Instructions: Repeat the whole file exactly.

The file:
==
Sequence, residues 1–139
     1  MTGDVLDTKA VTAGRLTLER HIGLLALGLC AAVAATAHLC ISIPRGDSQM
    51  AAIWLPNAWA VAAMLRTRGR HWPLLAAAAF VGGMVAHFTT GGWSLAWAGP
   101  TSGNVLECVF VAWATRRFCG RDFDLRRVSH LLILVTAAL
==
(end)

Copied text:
Sequence, residues 1–139
     1  MTGDVLDTKA VTAGRLTLER HIGLLALGLC AAVAATAHLC ISIPRGDSQM
    51  AAIWLPNAWA VAAMLRTRGR HWPLLAAAAF VGGMVAHFTT GGWSLAWAGP
   101  TSGNVLECVF VAWATRRFCG RDFDLRRVSH LLILVTAAL